July 13 (UPI) — A Chicago police officer who was sued for beating a black woman while she was handcuffed was found to have owned websites with racial slurs toward black people in the domain name, according to a lawsuit.
The city of Chicago is expected to pay $185,000 to settle a case over an incident where Chicago police officer George Granias allegedly beat motorist Patassa Johnson while she was in handcuffs back in 2013. Johnson’s lawyers said they uncovered the domain names while researching the case.
“We came across that URL and said what the hell is this?” Brendan Shiller, Johnson’s attorney, told The Daily Beast.
Shiller said the website was just a blank page, but Granias had made it publicly available and it was able to be found on Google search results.
“He made it live and accessible to the public,” Shiller said. “You can create a website, but Google wouldn’t know about it unless you make it live and accessible.”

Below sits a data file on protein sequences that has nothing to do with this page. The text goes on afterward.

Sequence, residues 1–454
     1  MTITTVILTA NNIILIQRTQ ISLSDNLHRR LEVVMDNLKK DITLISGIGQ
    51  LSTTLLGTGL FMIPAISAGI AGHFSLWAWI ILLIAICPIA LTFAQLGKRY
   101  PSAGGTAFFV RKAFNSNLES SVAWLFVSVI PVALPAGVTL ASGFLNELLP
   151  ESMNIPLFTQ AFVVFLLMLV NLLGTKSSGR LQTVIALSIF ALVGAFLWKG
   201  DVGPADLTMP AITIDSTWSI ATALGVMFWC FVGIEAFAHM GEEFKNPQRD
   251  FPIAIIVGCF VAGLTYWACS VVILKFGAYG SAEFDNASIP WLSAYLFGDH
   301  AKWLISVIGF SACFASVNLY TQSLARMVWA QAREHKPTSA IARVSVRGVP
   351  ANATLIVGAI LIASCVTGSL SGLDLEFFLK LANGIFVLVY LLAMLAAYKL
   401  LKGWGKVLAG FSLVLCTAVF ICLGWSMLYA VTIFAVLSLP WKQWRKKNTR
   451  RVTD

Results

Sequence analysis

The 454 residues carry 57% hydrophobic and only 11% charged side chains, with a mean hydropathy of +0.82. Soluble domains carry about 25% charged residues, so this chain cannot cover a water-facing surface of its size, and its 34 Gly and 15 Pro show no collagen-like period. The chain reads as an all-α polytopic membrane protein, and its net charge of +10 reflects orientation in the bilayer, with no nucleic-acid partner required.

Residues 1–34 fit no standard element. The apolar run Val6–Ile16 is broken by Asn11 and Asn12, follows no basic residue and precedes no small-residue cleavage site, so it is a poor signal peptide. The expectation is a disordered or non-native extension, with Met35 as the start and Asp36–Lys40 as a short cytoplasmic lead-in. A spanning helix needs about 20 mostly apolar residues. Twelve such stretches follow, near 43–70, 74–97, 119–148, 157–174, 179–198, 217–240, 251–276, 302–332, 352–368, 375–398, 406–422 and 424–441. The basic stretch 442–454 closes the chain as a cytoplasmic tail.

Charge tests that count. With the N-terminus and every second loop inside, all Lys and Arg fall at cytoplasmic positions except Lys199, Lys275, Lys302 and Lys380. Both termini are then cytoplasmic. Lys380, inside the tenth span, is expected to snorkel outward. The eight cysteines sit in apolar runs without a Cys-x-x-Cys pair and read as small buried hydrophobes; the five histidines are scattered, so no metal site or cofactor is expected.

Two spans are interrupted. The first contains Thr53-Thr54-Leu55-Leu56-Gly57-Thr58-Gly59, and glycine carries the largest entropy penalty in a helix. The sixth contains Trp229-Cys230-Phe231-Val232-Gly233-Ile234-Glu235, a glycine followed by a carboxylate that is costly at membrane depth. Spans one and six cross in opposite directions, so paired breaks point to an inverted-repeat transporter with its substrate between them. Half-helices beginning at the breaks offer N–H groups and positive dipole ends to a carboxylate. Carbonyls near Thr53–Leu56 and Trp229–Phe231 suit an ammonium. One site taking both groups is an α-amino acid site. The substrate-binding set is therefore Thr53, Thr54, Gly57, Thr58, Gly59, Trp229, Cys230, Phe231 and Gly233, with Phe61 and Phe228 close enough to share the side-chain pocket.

City of Chicago officials have not confirmed that Granias owned the domain names, but he told CBS Chicago: “I can tell you this, there’s been no denial that these websites were owned by the sergeant.”
Shiller said Granias’ past record, which involves other complaints of police brutality, including a case confirmed by Chicago police investigators in which Granias beat a minor and banged his head against the wall, is grounds to have him terminated.
“When you look at what he did in this case, in conjunction with his disciplinary record, in conjunction with this bizarre hobby of buying racist and kind of pornographic domain names, this is not somebody who should be a sergeant in the police department,” he said.
On her personal blog, Johnson said she hopes her case will lead to a change in police tactics.
“Although I will be compensated for my pain and suffering, I am not happy. A price will never replace the damage that this has caused me. I am trying to push past this, but it is hard,” she wrote. “If these cops are never held responsible for their wrong doing, things will never change. I hope my case can make a difference.”